“We’ve long focused our effort on eradicating the illegal betting,” he said. “We’re making progress against those goals, but these results indicate we still have a lot to do.”

The bets are only set to grow in the coming years, as eight states have already legalized sports betting, with more likely to come. In January, AGA found of the $1 billion in sports wagers, more than half came outside Nevada. Twenty-two more states have active legislation to legalize sports betting.

Nevada, and Las Vegas, in particular, is likely to remain a hub of activity as bettors will make their way to the city for the resorts and entertainment options regardless of betting options, Bradley said. As betting opens up in more states, however, he expects sports betting will continue to migrate toward mobile options, much like it already has in Europe. Overseas betting is 70 percent on mobile, a direct inverse of U.S. betting, where about 70 percent of bets are placed in physical sportsbooks.

But the greatest shift of all could be toward in-play betting options which feature constantly updating lines and odds.

“It will take a bit of time to adjust,” Bradley said. “But I’m sure it goes similar to Europe. The U.S. TV coverage is amazing, the access to sports is amazing, so the in-play betting is a big opportunity.”

READ MORE: Super Bowl to Offer Insights Into the Future of Sports Betting

Unlike the classic model of pregame match betting, in-play betting options will allow real-time bets on whether a team will win after any point in the game as well as small prop bets, like if a basket will be scored on the next possession.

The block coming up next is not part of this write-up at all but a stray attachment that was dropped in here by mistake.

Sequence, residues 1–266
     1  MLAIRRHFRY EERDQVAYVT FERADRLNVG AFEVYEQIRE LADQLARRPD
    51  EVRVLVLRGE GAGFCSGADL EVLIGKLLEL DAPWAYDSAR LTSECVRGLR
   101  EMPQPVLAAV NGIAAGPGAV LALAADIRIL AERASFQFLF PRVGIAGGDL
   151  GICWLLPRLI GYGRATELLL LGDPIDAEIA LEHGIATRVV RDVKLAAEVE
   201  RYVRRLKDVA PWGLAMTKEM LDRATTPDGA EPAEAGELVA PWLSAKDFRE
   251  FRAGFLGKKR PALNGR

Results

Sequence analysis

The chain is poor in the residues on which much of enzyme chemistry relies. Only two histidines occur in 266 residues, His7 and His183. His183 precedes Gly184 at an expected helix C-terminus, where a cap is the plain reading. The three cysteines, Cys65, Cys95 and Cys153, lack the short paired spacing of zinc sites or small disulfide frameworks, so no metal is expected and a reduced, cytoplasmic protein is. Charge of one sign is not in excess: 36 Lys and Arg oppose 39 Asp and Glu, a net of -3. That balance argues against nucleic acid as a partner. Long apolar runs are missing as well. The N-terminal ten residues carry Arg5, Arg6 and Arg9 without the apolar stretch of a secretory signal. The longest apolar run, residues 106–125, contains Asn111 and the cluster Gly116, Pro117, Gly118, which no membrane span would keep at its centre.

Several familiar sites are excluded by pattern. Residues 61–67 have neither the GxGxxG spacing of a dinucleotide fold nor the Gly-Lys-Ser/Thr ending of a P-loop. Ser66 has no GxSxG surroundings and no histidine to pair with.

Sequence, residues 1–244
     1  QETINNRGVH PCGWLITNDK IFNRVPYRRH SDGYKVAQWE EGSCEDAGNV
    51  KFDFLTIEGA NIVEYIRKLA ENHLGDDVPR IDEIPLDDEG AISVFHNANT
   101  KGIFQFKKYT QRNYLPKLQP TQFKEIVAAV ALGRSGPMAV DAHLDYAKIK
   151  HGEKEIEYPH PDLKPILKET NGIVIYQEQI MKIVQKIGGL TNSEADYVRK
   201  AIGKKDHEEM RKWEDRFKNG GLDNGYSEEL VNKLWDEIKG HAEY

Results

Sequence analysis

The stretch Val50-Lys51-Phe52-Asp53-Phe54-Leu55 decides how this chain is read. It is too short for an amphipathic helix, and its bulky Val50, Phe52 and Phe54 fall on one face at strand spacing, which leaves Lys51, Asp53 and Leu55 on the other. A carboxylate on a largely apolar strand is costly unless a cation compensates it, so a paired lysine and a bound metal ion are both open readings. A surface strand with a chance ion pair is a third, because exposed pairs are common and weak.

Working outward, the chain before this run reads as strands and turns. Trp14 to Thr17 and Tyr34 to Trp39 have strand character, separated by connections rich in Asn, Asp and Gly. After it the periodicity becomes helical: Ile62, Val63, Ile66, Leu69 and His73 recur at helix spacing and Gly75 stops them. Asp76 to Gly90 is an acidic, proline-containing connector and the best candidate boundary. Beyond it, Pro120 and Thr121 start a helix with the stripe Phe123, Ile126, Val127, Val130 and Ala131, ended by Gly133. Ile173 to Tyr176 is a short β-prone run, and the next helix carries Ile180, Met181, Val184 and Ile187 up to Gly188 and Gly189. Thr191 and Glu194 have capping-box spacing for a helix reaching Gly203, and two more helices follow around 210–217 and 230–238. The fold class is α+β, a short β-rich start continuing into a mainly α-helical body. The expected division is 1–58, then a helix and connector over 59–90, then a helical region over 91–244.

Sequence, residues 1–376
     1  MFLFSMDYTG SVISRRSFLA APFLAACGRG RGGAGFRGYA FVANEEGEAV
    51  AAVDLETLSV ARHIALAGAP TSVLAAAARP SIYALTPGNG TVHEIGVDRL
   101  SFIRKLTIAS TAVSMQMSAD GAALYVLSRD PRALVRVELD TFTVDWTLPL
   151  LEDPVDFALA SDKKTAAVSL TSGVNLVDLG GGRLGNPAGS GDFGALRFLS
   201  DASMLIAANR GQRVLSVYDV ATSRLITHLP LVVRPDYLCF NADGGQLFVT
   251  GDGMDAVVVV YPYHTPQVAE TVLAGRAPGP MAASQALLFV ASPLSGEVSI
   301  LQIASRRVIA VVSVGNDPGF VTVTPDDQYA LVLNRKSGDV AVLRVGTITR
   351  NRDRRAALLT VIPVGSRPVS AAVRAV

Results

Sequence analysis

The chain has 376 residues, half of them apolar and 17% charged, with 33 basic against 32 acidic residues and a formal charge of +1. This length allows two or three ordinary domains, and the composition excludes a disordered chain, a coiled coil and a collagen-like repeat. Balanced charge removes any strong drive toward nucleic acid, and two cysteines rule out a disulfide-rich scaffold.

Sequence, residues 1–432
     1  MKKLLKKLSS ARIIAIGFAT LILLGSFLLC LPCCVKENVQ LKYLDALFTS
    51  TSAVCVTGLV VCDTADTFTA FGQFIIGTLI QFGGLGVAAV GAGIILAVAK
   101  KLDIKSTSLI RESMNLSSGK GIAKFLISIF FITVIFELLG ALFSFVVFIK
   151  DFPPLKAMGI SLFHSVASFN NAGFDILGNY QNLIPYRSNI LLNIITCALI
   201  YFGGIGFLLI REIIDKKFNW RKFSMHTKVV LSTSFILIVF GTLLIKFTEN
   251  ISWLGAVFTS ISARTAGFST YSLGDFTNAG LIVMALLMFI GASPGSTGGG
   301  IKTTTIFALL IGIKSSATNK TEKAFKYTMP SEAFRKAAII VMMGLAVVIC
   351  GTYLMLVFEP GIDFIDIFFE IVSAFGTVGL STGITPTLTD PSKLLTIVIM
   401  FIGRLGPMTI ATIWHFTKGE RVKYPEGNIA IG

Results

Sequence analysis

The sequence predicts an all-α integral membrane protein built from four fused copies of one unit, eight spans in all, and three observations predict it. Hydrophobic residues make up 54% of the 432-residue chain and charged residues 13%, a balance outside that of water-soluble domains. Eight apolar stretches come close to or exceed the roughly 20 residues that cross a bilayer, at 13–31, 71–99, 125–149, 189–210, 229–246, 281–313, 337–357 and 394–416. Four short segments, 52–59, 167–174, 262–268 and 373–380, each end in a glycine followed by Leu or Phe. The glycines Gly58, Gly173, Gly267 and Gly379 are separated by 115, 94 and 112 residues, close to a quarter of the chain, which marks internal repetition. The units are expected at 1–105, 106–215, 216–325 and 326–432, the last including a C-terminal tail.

Just as having money riding on a match helps increase engagement among fans, Bradley believes the ability to constantly be engaged in new and enticing bets throughout a game will only further a fan’s commitment to a sport.

Miller agrees the ever-evolving American betting landscape already enhances the fan experience and will continue to do so in the future. According to the AGA’s data, sports bettors are younger, more diverse, more educated and wealthier than the average sports fan. Further engaging with that demographic could be lucrative for many parties.

“It’s a wildly popular entertainment option,” he said. “Implications go beyond revenue, but increasing the fan experience to offer new ways to interact with content.”

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Sports Betting

VSiN Aims to Alter Sports-Talk Content As Sports Betting Takes Hold

The mission of VSiN is to offer insight beyond commentator opinions and inform bettors on how various aspects of the games might affect outcomes.

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Always on the periphery of the sports industry, Brian Musburger knew the mainstream sports media outlets were ignoring a large segment of the audience.

Believing sports betting legalization was inevitable, Musburger felt it was time to launch a media company focused on sports wagering, so in 2017, Vegas Stats & Information Network, or VSiN, was launched. Musburger’s inclination was right and a U.S. Supreme Court ruling in May 2018 made sports betting legal nationwide — and now states are gradually changing their laws.

Eight states have fully legalized sports betting, with 30 more with at least some talk of legalization.

Musburger even likened the stigma of sports betting to that of marijuana.

“We’re thrilled with how things have developed and the position we have now,” Musburger said. “Just about everybody participates in an NCAA pool or wagers on the Super Bowl, but no one wants to talk about it.”

The mission of VSiN is to offer insight beyond commentator opinions and inform bettors on how various aspects of the games might affect outcomes. Musburger believes VSiN is elevating the idea of sports-talk media and makes the content more interesting to every sports fan — not just those wagering with money on the line.